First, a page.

It may not be immediately obvious, but look at the water to see the difference between the final version and the Prisma version of these images.
This is how I made the final version
I took the photo with my iPhone and then put it through the Prisma app. There are lots of effects within Prisma and I don’t recall which one in particular I used for this. I made several different versions using different effects and then chose the one I liked best.
I imported the original photo and the Prisma version into Dropbox and transferred them to my computer and opened them in Photoshop.
I overlaid the Prisma version over the original and scaled up the Prisma version to fit (because Prisma makes a smaller version than the original photo).
Then I cut back the Prisma version layer in the areas of water to make the final version.
The reason I did all this at all was to make the punts stand out more against the background. Tamara noticed and pointed out that in the Prisma version, the punts were looking a bit lost in the blocks of colour throughout the image.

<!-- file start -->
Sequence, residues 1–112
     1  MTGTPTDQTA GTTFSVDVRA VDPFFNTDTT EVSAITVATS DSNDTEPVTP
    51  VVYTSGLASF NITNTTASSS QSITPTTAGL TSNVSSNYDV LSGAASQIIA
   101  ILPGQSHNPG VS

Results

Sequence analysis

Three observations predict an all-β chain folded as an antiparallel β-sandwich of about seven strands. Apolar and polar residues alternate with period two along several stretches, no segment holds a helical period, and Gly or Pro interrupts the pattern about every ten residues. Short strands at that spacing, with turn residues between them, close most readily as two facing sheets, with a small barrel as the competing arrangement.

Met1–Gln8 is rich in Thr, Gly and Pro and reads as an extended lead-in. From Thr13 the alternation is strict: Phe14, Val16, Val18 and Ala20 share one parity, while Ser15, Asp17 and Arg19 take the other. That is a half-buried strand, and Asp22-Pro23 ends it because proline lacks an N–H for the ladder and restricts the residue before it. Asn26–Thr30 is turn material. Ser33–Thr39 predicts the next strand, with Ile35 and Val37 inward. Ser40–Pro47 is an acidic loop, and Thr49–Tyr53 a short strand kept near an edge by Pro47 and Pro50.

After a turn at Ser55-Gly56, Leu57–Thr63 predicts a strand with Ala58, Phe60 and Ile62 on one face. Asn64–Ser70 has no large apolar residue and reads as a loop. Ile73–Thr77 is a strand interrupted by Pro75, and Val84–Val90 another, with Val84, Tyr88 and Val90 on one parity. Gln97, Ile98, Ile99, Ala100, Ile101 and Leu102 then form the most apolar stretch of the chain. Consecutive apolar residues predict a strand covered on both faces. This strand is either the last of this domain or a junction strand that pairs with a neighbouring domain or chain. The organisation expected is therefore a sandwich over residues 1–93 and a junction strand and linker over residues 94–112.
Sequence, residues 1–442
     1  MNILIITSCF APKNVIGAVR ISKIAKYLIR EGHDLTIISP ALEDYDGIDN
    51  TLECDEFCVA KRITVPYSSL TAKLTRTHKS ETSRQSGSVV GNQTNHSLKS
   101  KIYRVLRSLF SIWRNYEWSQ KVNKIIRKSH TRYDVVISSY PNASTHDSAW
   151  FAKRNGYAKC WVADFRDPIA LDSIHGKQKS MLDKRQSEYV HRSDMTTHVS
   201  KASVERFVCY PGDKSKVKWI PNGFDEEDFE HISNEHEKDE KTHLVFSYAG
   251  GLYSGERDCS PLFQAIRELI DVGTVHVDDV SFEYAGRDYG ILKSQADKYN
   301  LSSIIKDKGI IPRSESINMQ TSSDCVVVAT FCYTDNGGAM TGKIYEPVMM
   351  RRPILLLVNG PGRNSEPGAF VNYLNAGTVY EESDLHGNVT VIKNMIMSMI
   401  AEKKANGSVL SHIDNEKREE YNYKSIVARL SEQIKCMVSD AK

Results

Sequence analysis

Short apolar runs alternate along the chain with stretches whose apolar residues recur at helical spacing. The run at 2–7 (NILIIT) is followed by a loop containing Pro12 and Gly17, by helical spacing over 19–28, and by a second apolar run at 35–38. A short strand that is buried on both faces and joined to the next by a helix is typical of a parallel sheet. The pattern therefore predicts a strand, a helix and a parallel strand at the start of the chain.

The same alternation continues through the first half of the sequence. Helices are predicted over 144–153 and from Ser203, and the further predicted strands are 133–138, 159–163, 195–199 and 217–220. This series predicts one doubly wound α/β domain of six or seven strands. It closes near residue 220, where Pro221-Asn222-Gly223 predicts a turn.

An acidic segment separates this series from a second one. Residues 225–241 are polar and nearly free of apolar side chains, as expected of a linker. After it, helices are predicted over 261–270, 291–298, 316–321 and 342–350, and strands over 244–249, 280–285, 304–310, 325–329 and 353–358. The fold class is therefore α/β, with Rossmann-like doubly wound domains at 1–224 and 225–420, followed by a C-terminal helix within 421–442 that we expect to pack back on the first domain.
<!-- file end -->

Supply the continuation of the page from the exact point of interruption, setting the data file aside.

So the nice diagonal strip of the original river marked off the punts and separated them from the houseboats on the far bank.
I also made a greeting card with the final image, or rather with part of the final image because the card is in portrait format and only part of the image shows.
What I thought was going to be an easy job of positioning turned out to need a bit more thought – and this is what I ended up with.
The Prisma app is pretty popular – and there is a sense of it making things too easy – well, too easy if you actually like the effect!
Using it does make me think of the other way of working which would be to stand and sketch from scratch, and paint and colour the image.
Of course it takes practise to achieve the skill required and that takes time and dedication.
I can stand in front of a Rembrandt and almost be grateful that it takes so much skill to produce. It makes it impervious to the easy wins of technology.